- Buyer's Guide
Road Tests :: Osprey Kode 22 | Part 1
Initial impressions on the Kode 22 by Osprey
It’s hot. Hot enough to fry eggs on the road. The sand burns to walk across as a hot north wind fans a fun and peaky south east swell. But I’m not on the sand. I’m at home playing with a mountain pack. A brand new Osprey Kode 22. It must be summer in Oz…
When you grow up skiing in the Southern Hemisphere, you get used to travelling for snow. This year we’ll return to the relentless dumps of north island Japan. While we used to score endless turns inbounds, each season we’re having to walk a little further, as the growing crowds discover our stashes. Enter the Kode 22.
We had a quick look at the Kode with an earlier Specialist Carry. It’s a versatile mountain pack that can haul skis, snowboards, and whatever bits you need for short side-country jaunts. This time, the good folks at Osprey have sent us one to try out properly. So following are some initial impressions, before we give you a full run down in January when we return from the mountains.
- Great finish: Top shelf trekking brands rarely cut corners on finish. From the glove friendly componentry (a highlight), to solid construction, fabrics and coatings, it’s all sorted.
- Sophisticated pattern work: There’s a level of complexity to Asian patterns that you don’t get with USA built bags. Sometimes it can be a little fussy, however in specialist packs it usually allows for better space utilisation. The Osprey pattern-work works. It’s sophisticated and purposeful.
- Good weight: PU lined Nylon makes sense for mountain packs. Light but with just enough water-resistance for the snow. With little foam structure, it packs tight for luggage space, then opens up for use.
- Size options: Once again, the top shelf trekking brands really distinguish themselves here. I’m 6’1″ and a bit, so get pretty amped when I can chose a Large for my longer torso.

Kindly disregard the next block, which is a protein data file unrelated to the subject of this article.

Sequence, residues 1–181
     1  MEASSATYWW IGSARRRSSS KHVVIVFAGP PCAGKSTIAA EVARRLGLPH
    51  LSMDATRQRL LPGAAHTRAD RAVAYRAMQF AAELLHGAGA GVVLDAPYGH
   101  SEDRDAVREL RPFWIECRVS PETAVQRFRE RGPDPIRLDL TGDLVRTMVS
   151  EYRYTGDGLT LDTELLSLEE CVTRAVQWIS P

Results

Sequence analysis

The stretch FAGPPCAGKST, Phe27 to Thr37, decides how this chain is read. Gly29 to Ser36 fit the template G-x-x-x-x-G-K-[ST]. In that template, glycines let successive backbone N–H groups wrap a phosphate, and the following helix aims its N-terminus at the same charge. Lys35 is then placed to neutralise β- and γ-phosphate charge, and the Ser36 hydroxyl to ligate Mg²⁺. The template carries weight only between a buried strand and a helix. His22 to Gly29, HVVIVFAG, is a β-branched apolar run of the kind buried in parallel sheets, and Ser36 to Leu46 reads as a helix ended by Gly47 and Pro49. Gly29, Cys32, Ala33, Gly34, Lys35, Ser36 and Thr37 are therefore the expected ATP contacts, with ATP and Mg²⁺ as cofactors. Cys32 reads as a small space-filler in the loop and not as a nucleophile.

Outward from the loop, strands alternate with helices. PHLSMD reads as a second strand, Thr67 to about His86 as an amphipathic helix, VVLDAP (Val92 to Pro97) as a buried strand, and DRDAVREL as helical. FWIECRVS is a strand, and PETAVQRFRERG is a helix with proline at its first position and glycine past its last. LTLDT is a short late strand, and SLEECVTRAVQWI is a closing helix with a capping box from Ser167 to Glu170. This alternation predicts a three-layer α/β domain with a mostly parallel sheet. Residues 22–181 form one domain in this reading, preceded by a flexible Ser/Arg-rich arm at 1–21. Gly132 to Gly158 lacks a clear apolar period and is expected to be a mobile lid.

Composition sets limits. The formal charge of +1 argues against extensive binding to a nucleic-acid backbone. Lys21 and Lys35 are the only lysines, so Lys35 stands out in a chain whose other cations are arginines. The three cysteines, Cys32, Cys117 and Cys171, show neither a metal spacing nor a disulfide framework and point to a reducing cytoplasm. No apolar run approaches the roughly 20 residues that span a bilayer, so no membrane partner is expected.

- Big waist strap pockets: Good for a small camera, food and quick access tidbits.
- Versatile carry: I ski, telemark, and snowboard (not all at the same time…), depending on the conditions. There are very few carry systems that work well for all those, but on initial impressions, this one is looking the goods (the snowboard carry is the least sorted, but still OK).
- No big mistakes: While this can sound like damning praise, it’s not meant to be. Having worked in brands where time and cost can compromise a product, I’m continually impressed by how few mistakes a brand like Osprey makes. Everything I can think to check for is there, and non of the regular mistakes that mountain packs make are present.
Less sure about:
- Strap-city: It’s hard to get around this one… there’s a strap to help with almost everything, but that means your pack has a set of dread-locks. They dangle and dance, but thankfully it looks like they have kept clips away from chair-lift danger. The one strap that is missing is a top snowboard stabiliser strap, which is no biggie, but the things do help (both for stopping your board bouncing, and for cinching it in up high so it angles away from your legs).
- Goggles pocket: Goggles can be a nightmare to design for, as their size and shape varies more than you’d believe possible. The fleece lined pocket on the Kode is a little basic, and when used, limits access to the main compartment. It’s sufficient, just not amazing.
- SLR limiting: This one is not really fair, but the pack is not great if you’re wanting to haul an SLR as I sometimes do. You can often get away with non camera specific packs, but the Kode 22 requires burying it pretty deep in the main section.
- Low(ish) sex appeal: Unlike some of the youth focused brands, this pack is not going to win you glances from the opposite sex. But I’m now over 30 and married, so I’m very happy with the focus being on functionality rather than apres cool. Hopefully the mid-life crisis is still a few years away…
I can’t wait to get it on my back and making some turns. We’ll keep you posted.